Feb 11 2015

It’s Not Too Late to Set your New Year’s Resolutions.

Published by at 9:30 pm under Uncategorized

If you are like many people, you start the New Year with a list of ‘resolutions’ and the energy to make it all happen. Then about March you lose focus, find yourself distracted by life’s little emergencies, and forget about the ideal year you envisioned.

This year, with your journal by your side, you have a better chance for success. Research continues to show that you are more likely to achieve your goals if you write them down. A journal helps you clarify what you want and motivates you to take action.  Then, as new opportunities try to pull you off course, your written goals provide a filter for distractions, reminding you of what matters most.

A journal is the perfect tool to help you take charge of your New Year’s resolutions and goals.  With it you can:

  • brainstorm new  directions
  • vision the future
  • record your goals and action plans
  • track your progress
  • celebrate your success and accomplishments
  • refine and adjust your vision for the best year ever.

Here’s how!

Visualize and Prioritize”

When it comes to setting goals, having a clear vision of what you want is essential.  Try a five-minute timed writing sprint using one of these prompts:

  • What is my vision for the coming year?
  • The year I want to accomplish. . .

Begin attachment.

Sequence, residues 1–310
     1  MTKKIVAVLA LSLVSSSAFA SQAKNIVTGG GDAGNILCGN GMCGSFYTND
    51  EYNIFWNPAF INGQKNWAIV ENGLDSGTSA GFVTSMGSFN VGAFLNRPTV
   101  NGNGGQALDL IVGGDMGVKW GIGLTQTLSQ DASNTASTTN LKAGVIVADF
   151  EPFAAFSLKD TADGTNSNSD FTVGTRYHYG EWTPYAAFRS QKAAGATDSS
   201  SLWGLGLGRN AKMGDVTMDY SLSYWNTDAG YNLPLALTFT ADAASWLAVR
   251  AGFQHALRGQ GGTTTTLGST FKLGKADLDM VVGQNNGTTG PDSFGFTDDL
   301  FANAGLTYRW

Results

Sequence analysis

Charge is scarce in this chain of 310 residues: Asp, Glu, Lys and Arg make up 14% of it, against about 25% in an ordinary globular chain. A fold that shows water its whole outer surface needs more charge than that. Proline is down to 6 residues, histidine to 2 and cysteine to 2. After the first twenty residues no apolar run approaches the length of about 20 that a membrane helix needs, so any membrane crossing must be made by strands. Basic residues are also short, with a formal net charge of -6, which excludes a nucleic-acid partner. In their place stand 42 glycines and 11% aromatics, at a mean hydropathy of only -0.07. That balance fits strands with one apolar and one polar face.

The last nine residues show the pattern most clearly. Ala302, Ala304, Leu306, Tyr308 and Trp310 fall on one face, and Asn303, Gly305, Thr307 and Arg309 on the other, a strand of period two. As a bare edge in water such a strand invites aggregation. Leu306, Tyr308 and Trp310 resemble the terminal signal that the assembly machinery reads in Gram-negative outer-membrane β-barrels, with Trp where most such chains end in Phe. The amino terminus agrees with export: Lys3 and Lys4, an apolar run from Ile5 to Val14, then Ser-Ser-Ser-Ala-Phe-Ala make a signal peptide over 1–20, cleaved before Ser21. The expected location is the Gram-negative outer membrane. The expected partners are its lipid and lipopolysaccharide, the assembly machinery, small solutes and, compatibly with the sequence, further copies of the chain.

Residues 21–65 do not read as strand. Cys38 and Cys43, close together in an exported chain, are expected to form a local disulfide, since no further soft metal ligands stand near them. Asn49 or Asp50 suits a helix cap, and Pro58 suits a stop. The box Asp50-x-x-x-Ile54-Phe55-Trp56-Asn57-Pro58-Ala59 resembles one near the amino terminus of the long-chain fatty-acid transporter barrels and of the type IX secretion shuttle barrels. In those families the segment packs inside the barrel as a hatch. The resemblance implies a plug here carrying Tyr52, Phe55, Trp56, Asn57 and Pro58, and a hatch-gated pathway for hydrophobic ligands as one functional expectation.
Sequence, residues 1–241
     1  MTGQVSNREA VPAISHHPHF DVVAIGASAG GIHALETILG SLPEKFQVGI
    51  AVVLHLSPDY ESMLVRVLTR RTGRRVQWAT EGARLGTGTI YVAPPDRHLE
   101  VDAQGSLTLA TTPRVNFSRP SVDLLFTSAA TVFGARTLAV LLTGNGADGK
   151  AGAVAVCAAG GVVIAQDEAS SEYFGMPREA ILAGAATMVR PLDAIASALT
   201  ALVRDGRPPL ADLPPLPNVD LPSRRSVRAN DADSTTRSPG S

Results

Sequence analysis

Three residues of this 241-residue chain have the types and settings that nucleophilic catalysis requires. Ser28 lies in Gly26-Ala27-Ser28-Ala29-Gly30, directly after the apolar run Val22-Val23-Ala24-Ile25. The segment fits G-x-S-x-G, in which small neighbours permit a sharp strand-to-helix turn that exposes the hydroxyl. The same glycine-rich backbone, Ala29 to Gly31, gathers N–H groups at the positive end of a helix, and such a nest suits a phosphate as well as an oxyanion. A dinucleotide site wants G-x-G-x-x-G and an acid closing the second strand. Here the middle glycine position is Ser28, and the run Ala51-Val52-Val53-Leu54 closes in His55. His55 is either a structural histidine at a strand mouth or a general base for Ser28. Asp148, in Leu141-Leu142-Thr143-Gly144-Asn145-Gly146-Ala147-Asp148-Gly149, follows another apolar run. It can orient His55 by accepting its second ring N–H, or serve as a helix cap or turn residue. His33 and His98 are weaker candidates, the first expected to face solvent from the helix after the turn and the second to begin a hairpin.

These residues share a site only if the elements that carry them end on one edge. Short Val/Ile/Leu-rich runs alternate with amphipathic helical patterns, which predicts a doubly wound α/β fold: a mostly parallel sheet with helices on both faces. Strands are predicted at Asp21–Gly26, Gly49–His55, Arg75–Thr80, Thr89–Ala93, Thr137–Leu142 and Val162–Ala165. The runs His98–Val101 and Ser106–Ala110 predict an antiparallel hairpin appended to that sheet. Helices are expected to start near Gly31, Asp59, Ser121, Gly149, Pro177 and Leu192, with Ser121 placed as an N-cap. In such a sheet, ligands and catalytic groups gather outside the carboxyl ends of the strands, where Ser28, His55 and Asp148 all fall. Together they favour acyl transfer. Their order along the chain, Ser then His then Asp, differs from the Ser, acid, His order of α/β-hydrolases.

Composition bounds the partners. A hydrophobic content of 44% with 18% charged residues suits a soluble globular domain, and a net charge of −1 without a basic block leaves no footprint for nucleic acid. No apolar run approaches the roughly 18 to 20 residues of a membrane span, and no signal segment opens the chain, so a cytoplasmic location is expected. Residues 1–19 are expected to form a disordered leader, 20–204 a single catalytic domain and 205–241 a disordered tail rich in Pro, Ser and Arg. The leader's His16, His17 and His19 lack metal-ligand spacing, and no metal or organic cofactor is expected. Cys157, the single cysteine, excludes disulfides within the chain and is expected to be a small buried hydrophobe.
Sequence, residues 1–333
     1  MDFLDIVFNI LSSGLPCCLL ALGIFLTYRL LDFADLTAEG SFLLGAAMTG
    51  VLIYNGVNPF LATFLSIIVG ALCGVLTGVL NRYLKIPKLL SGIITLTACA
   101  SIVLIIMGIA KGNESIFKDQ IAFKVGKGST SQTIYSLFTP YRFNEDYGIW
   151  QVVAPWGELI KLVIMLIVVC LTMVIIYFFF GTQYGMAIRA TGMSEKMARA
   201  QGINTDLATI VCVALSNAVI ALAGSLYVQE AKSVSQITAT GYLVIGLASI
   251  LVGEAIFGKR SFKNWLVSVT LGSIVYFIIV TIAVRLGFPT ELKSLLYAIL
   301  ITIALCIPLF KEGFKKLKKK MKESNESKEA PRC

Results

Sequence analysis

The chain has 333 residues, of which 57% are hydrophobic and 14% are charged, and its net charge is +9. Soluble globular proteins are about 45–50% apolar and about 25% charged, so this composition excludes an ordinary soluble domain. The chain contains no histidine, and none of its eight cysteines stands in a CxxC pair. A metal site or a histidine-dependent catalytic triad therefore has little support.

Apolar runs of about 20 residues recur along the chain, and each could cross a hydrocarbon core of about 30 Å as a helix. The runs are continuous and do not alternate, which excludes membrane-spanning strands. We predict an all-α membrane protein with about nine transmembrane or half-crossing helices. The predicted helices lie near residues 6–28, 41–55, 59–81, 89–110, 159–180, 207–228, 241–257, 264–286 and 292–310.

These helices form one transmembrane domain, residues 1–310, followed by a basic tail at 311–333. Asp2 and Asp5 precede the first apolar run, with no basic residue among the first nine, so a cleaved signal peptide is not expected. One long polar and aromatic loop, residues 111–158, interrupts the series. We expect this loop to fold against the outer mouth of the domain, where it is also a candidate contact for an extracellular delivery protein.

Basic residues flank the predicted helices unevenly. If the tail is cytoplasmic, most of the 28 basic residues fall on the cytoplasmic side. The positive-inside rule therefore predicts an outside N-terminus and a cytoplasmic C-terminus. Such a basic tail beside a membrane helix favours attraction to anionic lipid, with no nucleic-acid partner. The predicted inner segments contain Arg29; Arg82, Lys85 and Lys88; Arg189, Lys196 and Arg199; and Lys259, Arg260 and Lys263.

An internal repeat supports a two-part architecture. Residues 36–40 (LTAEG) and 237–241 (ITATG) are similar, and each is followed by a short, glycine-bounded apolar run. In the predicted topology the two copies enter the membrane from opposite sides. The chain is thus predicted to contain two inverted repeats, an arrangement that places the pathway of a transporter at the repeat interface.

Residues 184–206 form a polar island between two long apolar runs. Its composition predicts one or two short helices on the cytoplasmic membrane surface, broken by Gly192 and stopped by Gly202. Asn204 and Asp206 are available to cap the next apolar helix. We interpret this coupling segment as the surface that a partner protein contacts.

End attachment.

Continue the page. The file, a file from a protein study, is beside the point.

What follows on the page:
• Something I’ve always wanted to do is . . .

From the Heart:

Too often people set goals based on external expectations. We think we ‘should’ do something and try to convince ourselves it’s what we really want. If your heart’s not in it, your energy will wane and your resolution end up on the junk pile. Check your writing for words like ‘should’ or ‘could’ or ‘would’. If you truly desire to accomplish something you must claim it with your language, use words like ‘want’, and ‘will’. “I want to quit smoking” is much more effective than “I should quit smoking.” “I will quit smoking by March 1st” is even more effective. When you write your resolutions down you have an opportunity to review and revise your intention with purposeful language.

Try these prompts:

  • I want to (name your goal) because . . .
  • What is important for me about achieving this goal?

Listen for “who says so” in your answers. If it’s not your voice, then you are probably trying to please someone other than yourself.

Be Specific!

To be effective in achieving your goals and resolutions you must be specific. Check your vision against the following guideline: is it SMART (a Specific, Measurable Achievement that is Realistic and Timely)? Without specific details it’s possible to miss your mark. For example, the goal “I want to lose weight this year” is not specific. If you lose an ounce, is that enough to satisfy your goal? If you want to lose fifteen pounds, you will not feel satisfied in your achievement if you have only lost an ounce. SMART goals include details like how much, how long, and by when. Use your journal to brainstorm specific details for every resolution to aid you in recognizing when you have truly reached your goal.

Try these prompts:

  • The details of  my vision include. . .
  • My specific goals for the year are . . .
  • What is (are) my real goal(s)?
  • I will know I have achieved my goal when I . . .
  • I can measure my success by . . .

Don’t forget to set some intermediate milestones. How will you recognize one-quarter, half-way, almost there?

Now Act on it!

Having resolutions is awesome. Acting on your intention is even better. Again, use your journal to brainstorm activities and action steps that will help you achieve your goals.  Make plans to celebrate now – you’re sure to be a winner this year when you Write Your Way to Success!

Coming soon: 

Using your journal to  find support and track your progress.


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